In their conclusions, here's what the authors said:

    "Our genetic time transect suggests genetic continuity between the Pre-Ptolemaic, Ptolemaic and Roman populations of Abusir el-Meleq, indicating that foreign rule impacted the town’s population only to a very limited degree at the genetic level. It is possible that the genetic impact of Greek and Roman immigration was more pronounced in the north-western Delta and the Fayum, where most Greek and Roman settlement concentrated43,55, or among the higher classes of Egyptian society"

    So the article you quoted adds no genetic answer to the question of Greek population in Egypt in the Ptolemaic and post ptolemaic eras. Further studies might.





    Now you're deliberately misrepresenting the findings of the paper.


    ""The genetics of the Abusir el-Meleq community did not undergo any major shifts during the 1,300-year timespan we studied," said Wolfgang Haak, group leader at the Max Planck Institute.

    This period covered the rule of Alexander the Great (332-323 B.C.), the Ptolemaic dynasty (323-30 B.C.) and part of Roman rule (30 B.C.-A.D. 641). Strict social structures and legal incentives to marry along ethnic lines within these communities may have played a part in the Egyptians' genetic stasis, the paper speculates."

    "A lot of people had assumed foreign invaders ... brought a lot of genetic ancestry into the region," Krause said. "People expected that through time, Egypt would become more European, but we see the exact opposite."
    https://www.cnn.com/2017/06/22/healt...age/index.html

    Now, if you had said maybe it was different in the Delta, or the sample size was too small, you'd have points with which I could agree, but you posted what is either stupid or a prevarication.

    You once boasted how you aced the SATS while barely studying, or some such. Give me leave to doubt if you can't read a scientific paper and understand what it's saying, and need it summarized and dumbed down by the authors for you to get it.

    That or you're a completely dishonest poster here.

    Either way, try to misrepresent the findings of this study one more time and your posting privileges will be suspended. Am I clear?

  18. #543
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    Quote Originally Posted by Jovialis View Post
    Though it is possible that Maniot and Taygetos are even closer.

    But also, the Southern Arc paper did mention that the Mycenaean-like profile also existed in Thrace at the time as well. Basically, they were similar, but not the Mycenaean. So It is possible that Puglia, among other areas of Southern Italy also had a Mycenaean-like population, that was further maintained by Greek colonists. Furthermore, it more likely that Northwestern influences account for the "Northern ancestry" in Apulia (i.e. Bell Beakers--->Italics), rather than straight-up Yamnaya. There is also the influence of Cetina culture, which was similar to modern Northern Italians. One thing I believe is far more likely, is that the "Southern" ancestry in Apulia is likely attributed to early Bronze-Age Aegean-like/Minoan-like peoples.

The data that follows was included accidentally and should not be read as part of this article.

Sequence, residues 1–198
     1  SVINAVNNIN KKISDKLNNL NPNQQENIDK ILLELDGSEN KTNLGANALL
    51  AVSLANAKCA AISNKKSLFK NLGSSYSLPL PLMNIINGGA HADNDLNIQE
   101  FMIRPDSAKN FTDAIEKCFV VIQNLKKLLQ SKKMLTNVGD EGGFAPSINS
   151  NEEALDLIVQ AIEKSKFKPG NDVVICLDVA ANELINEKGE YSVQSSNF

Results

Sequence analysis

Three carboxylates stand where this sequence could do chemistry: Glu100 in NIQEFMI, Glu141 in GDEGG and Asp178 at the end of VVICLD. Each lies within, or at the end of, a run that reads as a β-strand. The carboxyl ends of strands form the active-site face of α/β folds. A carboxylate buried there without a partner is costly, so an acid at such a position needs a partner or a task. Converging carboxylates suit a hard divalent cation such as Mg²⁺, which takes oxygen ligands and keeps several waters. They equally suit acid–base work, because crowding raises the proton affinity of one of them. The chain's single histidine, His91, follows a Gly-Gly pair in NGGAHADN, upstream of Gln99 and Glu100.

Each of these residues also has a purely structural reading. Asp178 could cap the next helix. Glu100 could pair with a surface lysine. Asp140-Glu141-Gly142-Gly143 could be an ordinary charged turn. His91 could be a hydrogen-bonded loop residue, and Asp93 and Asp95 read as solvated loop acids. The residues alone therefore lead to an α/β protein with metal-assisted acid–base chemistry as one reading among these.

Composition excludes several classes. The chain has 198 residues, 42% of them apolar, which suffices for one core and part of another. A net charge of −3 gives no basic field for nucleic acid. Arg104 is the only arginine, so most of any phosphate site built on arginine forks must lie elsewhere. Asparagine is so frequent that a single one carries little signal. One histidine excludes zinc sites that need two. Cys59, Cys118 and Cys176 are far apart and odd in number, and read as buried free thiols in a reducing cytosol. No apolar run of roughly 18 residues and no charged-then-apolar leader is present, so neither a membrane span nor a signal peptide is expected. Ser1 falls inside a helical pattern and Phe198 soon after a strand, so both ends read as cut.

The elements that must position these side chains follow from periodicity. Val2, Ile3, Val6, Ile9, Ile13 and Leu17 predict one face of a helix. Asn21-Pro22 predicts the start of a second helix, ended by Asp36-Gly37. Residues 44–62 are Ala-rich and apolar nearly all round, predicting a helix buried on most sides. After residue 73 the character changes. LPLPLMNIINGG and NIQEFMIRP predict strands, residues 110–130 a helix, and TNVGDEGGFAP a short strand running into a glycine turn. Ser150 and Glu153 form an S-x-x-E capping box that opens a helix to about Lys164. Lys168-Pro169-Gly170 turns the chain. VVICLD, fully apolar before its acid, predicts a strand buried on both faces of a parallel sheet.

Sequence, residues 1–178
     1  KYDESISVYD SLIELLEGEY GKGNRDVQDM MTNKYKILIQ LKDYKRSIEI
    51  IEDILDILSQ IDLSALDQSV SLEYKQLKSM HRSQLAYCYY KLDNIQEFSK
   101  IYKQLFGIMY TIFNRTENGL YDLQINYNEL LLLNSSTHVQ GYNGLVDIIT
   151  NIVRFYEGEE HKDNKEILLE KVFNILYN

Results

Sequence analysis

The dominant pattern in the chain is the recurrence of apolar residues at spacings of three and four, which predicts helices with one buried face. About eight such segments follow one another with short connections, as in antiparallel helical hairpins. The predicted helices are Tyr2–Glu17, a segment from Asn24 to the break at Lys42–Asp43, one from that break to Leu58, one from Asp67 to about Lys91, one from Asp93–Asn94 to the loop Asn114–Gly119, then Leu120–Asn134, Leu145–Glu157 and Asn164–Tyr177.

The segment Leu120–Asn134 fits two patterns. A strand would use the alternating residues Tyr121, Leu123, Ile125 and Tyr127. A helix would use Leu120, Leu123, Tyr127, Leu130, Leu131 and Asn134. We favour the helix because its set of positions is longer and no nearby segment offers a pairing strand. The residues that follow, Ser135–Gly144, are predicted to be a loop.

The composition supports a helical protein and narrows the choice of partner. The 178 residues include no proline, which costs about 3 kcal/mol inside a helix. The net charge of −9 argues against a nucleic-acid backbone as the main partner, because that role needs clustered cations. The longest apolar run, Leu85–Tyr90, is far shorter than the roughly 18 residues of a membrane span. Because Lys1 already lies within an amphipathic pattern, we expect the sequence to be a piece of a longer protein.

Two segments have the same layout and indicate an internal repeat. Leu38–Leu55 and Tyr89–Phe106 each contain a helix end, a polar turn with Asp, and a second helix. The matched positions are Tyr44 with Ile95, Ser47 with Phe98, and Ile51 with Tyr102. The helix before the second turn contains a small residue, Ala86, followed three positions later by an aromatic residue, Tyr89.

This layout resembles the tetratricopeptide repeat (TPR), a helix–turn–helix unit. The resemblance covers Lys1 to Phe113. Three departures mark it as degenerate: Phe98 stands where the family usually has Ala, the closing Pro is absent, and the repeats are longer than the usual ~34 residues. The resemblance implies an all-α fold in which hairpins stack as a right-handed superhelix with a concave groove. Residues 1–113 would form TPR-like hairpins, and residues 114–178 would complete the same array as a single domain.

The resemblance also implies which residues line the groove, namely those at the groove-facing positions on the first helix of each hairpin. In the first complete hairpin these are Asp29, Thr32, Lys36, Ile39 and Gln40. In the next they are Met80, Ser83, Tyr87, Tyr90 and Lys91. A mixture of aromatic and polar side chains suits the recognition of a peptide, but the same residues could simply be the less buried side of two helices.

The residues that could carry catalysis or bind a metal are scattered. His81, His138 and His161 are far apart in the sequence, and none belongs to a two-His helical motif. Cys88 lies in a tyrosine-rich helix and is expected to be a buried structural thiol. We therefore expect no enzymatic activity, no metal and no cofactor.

I don't know if you're aware of it, but on the Albanian threads there is in some members an absolute refusal to accept that finding of the paper.

    It's beyond me, but there you have it.

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    Quote Originally Posted by Angela View Post
    I don't know if you're aware of it, but on the Albanian threads there is in some members an absolute refusal to accept that finding of the paper.

    It's beyond me, but there you have it.
    I just look at those threads like a jumble of nonsense, like the ramblings of a psychopath.

  20. #545
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    1 members found this post helpful.
    Ancient Greek colonisers took local women, sometimes after killing the male population that disagreed, that is a common theme in their relevant ethnography/history.

    In Byzantine times, the ethnos was united under the Faith, and language secondary, the Eastern Roman state machine was a behemoth of absorption and assimilation. A lot of the Emperors themselves, even the most successful ones, were often of very diverse backgrounds, not just Greek, like Armenians, Isaurians, Thracians and Illyrians and other Balkaners, Iberians (Spain) and the list goes on. Basil II of the Macedonian dynasty who beat the Bulgars with his reconquista was paternally Armenian and maternally Bulgarian (the opposite mix to Samuel - his mortal enemy), Theodosius was Iberian, the Comnenians were part Thracian part Anatolian (or entirely Thracian depending on the source), Leon the 3rd was part Syrian/part Anatolian (again either/or in some sources) and so on ...

    I don't see what the big deal is, these things are known for ages.

  21. #546
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    Quote Originally Posted by eupator View Post
    Ancient Greek colonisers took local women, sometimes after killing the male population that disagreed, that is a common theme in their relevant ethnography/history.

    In Byzantine times, the ethnos was united under the Faith, and language secondary, the Eastern Roman state machine was a behemoth of absorption and assimilation. A lot of the Emperors themselves, even the most successful ones, were often of very diverse backgrounds, not just Greek, like Armenians, Isaurians, Thracians and Illyrians and other Balkaners, Iberians (Spain) and the list goes on. Basil II of the Macedonian dynasty who beat the Bulgars with his reconquista was paternally Armenian and maternally Bulgarian (the opposite mix to Samuel - his mortal enemy), Theodosius was Iberian, the Comnenians were part Thracian part Anatolian (or entirely Thracian depending on the source), Leon the 3rd was part Syrian/part Anatolian (again either/or in some sources) and so on ...